Rockets fired at Iraq’s Green Zone as parliament sits

3. Iraq
Supporters of Shiite Muslim cleric Moqtada Al-Sadr clash with Iraqi security forces in Tahrir Square Baghdad, Iraq, on September 28, 2022. (Photo: AFP)

BAGHDAD — Three rockets were fired Wednesday at Baghdad’s Green Zone, wounding seven security force personnel as parliament was holding its first session in two months, Iraq’s security forces said.اضافة اعلان

The parliament, at the center of a months-long political paralysis, met for the first since deadly unrest in August to vote on the resignation of its speaker.

“One rocket fell in front of the Iraqi parliament,” the government said in a statement, adding the number of casualties had risen to seven, after providing an initial toll of four wounded including one officer.

The rockets fell in different parts of Baghdad’s fortified Green Zone, which houses Western embassies and government offices.

Iraq’s deeply divided political factions have failed to form a new government since inconclusive elections in October 2021, and the last session of parliament dates back to July 23.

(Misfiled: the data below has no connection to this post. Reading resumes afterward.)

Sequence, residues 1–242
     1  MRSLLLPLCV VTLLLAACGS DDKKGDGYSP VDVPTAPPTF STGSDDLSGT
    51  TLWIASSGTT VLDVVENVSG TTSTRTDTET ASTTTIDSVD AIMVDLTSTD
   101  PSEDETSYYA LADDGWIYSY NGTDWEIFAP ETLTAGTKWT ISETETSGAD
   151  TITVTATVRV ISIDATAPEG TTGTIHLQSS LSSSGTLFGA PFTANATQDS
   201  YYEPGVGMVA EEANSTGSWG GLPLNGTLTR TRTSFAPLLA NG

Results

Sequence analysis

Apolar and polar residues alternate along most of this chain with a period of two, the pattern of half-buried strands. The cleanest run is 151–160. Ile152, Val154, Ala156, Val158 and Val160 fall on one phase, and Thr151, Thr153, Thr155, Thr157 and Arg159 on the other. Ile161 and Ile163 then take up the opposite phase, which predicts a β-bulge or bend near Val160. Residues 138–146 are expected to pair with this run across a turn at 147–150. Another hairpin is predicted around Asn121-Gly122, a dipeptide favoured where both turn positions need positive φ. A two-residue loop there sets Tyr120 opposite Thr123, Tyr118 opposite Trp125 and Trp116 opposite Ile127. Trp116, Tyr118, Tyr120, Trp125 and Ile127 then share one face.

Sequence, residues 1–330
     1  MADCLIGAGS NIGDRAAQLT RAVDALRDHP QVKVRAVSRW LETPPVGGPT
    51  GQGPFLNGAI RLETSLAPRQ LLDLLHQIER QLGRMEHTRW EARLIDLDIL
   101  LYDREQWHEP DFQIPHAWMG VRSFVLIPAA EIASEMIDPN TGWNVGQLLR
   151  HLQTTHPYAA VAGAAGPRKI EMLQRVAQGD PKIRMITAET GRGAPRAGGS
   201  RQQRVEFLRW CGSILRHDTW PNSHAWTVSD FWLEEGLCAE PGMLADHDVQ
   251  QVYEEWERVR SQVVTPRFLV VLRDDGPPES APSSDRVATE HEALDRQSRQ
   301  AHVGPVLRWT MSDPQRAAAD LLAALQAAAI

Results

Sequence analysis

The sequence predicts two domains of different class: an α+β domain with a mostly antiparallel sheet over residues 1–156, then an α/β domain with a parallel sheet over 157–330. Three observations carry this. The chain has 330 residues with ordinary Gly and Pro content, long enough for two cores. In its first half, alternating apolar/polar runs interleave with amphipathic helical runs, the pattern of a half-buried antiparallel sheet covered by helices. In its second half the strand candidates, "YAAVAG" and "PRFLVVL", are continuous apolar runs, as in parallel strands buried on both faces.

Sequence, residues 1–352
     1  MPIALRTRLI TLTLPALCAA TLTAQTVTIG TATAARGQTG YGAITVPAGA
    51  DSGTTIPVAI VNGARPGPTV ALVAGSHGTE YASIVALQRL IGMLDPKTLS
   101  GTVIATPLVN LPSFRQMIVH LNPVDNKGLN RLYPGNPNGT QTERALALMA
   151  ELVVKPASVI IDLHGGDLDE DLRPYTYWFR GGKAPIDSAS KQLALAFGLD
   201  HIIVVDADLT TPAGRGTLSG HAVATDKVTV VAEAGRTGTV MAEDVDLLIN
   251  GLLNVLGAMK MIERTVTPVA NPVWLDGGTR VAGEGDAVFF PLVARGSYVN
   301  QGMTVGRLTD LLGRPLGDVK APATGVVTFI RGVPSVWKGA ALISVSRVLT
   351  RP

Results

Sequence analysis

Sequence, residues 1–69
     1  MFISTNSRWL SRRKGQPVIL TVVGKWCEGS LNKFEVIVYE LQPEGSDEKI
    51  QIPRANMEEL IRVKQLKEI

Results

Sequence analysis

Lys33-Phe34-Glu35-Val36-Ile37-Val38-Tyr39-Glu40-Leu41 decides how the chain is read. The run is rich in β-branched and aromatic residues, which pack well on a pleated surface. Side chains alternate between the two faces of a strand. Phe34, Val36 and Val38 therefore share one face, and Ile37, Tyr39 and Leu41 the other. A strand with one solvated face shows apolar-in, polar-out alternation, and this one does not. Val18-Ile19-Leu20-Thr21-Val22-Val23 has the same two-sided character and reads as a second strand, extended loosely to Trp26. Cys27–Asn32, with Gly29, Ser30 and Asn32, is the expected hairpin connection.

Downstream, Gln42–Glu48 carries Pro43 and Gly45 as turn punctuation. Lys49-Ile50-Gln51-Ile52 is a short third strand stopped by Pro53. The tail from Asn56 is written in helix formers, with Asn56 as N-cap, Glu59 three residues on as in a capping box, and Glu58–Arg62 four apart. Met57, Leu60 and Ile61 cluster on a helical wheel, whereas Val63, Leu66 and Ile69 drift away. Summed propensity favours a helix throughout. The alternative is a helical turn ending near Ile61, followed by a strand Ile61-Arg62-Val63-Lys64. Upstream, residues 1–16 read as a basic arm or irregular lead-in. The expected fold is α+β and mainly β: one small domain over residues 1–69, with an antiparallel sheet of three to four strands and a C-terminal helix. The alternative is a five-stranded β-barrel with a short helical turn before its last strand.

Later in July, supporters of Shiite cleric Moqtada Al-Sadr stormed the assembly and staged a month-long sit-in on its grounds.

Tensions boiled over into clashes on August 29 between the Sadrists, rival Iran-backed factions and the army in which more than 30 demonstrators were killed.

Iraqi media said 222 out of 235 members of parliament present at Wednesday’s session voted against the resignation of speaker Mohammed Al-Halbussi, in what analysts had described a vote of confidence.

Hundreds of Sadr’s followers demonstrated at a square in central Baghdad in protest at the parliament’s session.

The violence in August followed months of disagreements between Sadr and his rivals within Iraq’s majority Shiite camp, as the impasse has left the country without a new government, prime minister or president since the elections almost a year ago.

Iraq’s standoff pits Sadr against the Iran-backed Coordination Framework, which includes lawmakers from the party of his longtime foe, ex-prime minister Nuri Al-Maliki.

Sadr wants snap elections and the dissolution of parliament but the rival Shiite bloc wants a new head of government appointed before any new polls are held.

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